These initiatives are allowed to flourish not simply because of the people who propose them but also by the many policymakers and other decision-makers who contribute to a culture of invisibility and increased vulnerability by routinely ignoring the importance of data collection on the needs and experiences of LGBTQI+ communities. 

This new report from the National Academies contributes to the growing consensus that data collection on sex, sexual orientation, gender identity, and intersex status is necessary to further inclusion and equity. As more organizations and government entities collect these data as a standard practice, this resource provides an opportunity for each organization to rise to the occasion. Now more than ever, we ask every organization that cares about LGBTQI+ communities to do four things: 

  1. Visibly affirm to LGBTQI+ communities and people with multiple marginalized identities that they are welcome and that you are an ally;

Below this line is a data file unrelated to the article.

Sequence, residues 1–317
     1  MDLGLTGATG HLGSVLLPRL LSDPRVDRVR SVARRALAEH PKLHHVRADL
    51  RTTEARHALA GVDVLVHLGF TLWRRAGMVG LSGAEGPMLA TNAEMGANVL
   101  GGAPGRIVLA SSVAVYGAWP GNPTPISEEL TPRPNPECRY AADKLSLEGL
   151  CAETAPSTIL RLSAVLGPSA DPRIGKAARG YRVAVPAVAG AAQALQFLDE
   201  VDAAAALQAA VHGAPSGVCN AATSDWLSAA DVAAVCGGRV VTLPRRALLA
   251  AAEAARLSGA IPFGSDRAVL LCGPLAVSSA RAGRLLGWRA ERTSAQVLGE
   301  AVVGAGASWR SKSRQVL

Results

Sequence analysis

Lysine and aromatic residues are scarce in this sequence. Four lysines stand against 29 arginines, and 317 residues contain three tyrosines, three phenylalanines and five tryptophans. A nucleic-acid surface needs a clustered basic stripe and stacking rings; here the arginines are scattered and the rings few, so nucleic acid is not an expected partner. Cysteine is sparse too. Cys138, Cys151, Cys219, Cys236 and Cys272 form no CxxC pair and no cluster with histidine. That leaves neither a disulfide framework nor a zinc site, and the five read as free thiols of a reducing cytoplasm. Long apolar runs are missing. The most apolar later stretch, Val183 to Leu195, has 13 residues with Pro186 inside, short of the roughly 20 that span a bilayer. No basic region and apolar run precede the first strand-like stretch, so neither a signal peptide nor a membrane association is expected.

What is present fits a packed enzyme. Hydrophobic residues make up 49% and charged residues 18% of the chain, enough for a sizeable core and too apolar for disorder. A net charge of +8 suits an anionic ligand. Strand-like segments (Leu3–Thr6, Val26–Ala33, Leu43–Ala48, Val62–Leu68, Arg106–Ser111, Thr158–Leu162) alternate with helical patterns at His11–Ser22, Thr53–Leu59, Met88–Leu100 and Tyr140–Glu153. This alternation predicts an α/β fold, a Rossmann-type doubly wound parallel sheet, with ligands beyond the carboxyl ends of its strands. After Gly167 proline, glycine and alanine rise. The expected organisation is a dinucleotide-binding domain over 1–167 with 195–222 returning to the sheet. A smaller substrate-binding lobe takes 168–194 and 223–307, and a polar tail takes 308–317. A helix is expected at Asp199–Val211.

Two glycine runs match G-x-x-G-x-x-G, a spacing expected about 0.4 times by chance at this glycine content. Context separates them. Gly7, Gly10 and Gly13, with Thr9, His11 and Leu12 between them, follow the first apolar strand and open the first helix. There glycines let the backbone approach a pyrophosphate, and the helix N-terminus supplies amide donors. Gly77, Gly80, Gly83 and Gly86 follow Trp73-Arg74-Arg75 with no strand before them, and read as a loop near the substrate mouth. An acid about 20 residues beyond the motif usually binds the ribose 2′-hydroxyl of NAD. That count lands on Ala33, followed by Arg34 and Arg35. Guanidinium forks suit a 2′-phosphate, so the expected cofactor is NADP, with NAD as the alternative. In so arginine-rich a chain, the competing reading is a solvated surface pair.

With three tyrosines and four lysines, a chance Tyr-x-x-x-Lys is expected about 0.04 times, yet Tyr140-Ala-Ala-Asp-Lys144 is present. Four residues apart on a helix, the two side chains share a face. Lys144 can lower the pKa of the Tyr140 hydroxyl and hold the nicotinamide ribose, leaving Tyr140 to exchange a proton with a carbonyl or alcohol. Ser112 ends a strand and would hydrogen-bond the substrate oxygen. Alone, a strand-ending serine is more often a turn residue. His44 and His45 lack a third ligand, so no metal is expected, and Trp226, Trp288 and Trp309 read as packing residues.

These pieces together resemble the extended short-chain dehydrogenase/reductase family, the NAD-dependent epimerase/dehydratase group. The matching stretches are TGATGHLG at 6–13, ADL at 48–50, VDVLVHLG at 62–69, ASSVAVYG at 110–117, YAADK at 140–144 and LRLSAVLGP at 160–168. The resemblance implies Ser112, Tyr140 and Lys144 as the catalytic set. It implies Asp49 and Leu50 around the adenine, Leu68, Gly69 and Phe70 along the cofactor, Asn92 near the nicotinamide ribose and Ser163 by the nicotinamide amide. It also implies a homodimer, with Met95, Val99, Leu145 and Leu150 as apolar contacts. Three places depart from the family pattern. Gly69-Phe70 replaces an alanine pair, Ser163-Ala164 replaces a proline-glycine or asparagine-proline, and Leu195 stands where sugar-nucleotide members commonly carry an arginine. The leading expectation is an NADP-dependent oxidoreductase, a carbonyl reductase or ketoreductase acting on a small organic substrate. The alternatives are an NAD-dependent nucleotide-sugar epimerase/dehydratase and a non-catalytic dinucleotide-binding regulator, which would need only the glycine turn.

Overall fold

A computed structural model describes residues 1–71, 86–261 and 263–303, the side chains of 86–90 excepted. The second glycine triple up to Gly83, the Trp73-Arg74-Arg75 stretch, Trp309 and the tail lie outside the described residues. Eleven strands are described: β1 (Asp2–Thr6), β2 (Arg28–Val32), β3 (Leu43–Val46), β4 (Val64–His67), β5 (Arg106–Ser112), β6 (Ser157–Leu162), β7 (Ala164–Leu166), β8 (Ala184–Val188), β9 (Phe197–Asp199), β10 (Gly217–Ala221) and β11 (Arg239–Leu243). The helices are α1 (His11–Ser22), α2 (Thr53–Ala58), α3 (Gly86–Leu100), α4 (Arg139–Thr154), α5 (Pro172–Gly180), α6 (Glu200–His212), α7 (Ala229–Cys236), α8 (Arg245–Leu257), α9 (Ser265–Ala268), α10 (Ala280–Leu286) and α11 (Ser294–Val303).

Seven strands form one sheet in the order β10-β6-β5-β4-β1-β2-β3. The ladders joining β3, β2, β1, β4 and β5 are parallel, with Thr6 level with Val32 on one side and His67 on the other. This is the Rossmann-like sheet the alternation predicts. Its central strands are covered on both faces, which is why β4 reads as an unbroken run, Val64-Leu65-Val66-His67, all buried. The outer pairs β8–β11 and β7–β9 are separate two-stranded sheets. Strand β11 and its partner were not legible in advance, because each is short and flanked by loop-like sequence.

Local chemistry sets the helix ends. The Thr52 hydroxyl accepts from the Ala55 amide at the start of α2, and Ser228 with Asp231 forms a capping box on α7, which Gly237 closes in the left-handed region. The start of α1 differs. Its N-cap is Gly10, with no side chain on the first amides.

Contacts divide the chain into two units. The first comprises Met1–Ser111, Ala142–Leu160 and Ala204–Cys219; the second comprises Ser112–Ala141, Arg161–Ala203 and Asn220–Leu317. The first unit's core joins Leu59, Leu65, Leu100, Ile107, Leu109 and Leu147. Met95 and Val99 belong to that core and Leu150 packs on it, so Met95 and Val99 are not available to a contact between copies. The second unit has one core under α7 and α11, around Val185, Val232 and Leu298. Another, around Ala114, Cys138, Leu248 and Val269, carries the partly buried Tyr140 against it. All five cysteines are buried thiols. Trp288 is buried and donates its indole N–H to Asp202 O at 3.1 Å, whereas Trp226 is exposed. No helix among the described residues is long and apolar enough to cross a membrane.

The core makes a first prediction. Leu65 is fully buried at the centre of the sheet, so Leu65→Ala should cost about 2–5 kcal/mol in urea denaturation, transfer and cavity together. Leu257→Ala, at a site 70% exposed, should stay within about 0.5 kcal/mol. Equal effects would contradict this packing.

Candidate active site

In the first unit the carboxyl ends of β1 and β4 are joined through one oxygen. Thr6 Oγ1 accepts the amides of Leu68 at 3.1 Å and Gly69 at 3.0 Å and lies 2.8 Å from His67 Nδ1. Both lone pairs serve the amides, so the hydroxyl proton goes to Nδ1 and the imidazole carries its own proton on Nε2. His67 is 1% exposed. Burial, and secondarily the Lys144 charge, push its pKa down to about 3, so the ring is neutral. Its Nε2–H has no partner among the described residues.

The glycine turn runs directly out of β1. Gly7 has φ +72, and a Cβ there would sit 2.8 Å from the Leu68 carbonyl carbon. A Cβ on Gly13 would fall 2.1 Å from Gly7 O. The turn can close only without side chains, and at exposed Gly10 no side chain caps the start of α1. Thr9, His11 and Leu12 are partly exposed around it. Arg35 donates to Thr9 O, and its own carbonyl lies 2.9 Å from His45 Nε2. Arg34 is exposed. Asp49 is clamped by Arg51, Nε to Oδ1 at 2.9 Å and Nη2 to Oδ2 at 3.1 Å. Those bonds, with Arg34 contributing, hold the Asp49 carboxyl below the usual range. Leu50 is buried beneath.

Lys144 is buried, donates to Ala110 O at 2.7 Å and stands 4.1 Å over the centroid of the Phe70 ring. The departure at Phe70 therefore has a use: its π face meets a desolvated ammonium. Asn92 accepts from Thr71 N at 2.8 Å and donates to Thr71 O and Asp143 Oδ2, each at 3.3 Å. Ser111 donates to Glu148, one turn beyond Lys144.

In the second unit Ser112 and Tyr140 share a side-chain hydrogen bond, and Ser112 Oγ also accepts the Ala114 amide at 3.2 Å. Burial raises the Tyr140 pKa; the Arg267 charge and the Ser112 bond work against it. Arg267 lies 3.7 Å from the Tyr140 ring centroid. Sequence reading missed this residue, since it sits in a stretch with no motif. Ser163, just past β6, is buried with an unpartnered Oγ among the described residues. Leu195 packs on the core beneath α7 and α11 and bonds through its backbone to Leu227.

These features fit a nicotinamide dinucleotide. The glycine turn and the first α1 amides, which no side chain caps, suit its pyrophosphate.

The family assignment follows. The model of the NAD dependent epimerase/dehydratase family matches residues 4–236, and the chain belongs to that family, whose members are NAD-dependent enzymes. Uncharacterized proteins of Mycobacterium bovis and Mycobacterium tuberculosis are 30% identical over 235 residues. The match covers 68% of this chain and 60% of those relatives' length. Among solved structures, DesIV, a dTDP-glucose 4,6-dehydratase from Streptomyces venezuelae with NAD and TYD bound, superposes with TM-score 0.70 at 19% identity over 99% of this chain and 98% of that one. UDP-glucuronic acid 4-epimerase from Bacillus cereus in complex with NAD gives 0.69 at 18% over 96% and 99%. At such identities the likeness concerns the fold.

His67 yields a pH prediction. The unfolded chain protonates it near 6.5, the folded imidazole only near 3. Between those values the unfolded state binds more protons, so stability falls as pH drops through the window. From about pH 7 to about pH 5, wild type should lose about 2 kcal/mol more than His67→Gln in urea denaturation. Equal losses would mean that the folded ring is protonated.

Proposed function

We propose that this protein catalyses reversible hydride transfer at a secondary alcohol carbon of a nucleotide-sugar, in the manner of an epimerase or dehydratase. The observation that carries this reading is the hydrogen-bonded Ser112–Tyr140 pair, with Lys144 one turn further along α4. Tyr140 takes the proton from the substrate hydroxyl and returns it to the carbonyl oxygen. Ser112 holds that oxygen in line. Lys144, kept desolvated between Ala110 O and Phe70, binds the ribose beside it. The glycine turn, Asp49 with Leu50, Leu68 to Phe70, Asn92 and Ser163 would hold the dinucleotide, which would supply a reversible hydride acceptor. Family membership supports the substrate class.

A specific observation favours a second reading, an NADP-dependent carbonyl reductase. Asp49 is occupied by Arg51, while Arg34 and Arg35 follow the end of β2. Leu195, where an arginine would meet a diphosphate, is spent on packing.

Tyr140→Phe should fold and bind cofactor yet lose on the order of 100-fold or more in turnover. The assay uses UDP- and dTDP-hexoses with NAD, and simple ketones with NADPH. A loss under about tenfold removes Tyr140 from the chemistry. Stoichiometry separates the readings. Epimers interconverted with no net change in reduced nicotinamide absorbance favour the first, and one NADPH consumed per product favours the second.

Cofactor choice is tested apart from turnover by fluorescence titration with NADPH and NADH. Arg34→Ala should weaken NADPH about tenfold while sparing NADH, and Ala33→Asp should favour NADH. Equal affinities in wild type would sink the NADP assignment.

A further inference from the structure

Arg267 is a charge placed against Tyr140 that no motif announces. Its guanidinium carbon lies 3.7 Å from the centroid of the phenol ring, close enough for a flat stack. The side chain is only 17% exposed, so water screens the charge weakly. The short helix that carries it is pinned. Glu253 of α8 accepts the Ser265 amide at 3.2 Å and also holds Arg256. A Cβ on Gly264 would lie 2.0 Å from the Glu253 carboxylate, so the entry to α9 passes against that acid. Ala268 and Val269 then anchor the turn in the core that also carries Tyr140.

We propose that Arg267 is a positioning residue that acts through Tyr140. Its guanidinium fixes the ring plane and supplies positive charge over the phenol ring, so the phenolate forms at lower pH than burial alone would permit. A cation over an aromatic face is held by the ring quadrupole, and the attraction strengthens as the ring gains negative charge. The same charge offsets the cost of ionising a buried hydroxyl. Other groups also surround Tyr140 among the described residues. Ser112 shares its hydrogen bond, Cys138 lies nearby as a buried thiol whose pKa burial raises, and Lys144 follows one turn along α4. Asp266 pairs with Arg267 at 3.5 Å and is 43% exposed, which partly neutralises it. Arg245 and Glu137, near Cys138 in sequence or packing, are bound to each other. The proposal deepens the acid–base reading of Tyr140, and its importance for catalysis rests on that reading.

2. Provide internal infrastructure, trainings, and resources to assure this welcome is real;
  3. Ensure that questions about sex, sexual orientation, gender identity, and intersex status are asked alongside other demographic identifiers; and 
  4. Analyze and share resultant data whenever feasible, with special emphasis on with various intersections of identities (i.e, disability and sexual orientation, race and gender identity, etc). 

We appreciate your consideration of the significant findings from this report and our four requests. Working together, we can make tremendous progress on the data collection front, which in turn can help LGBTQI+ communities to gain needed respect, programs, and resources.

Advocates for Youth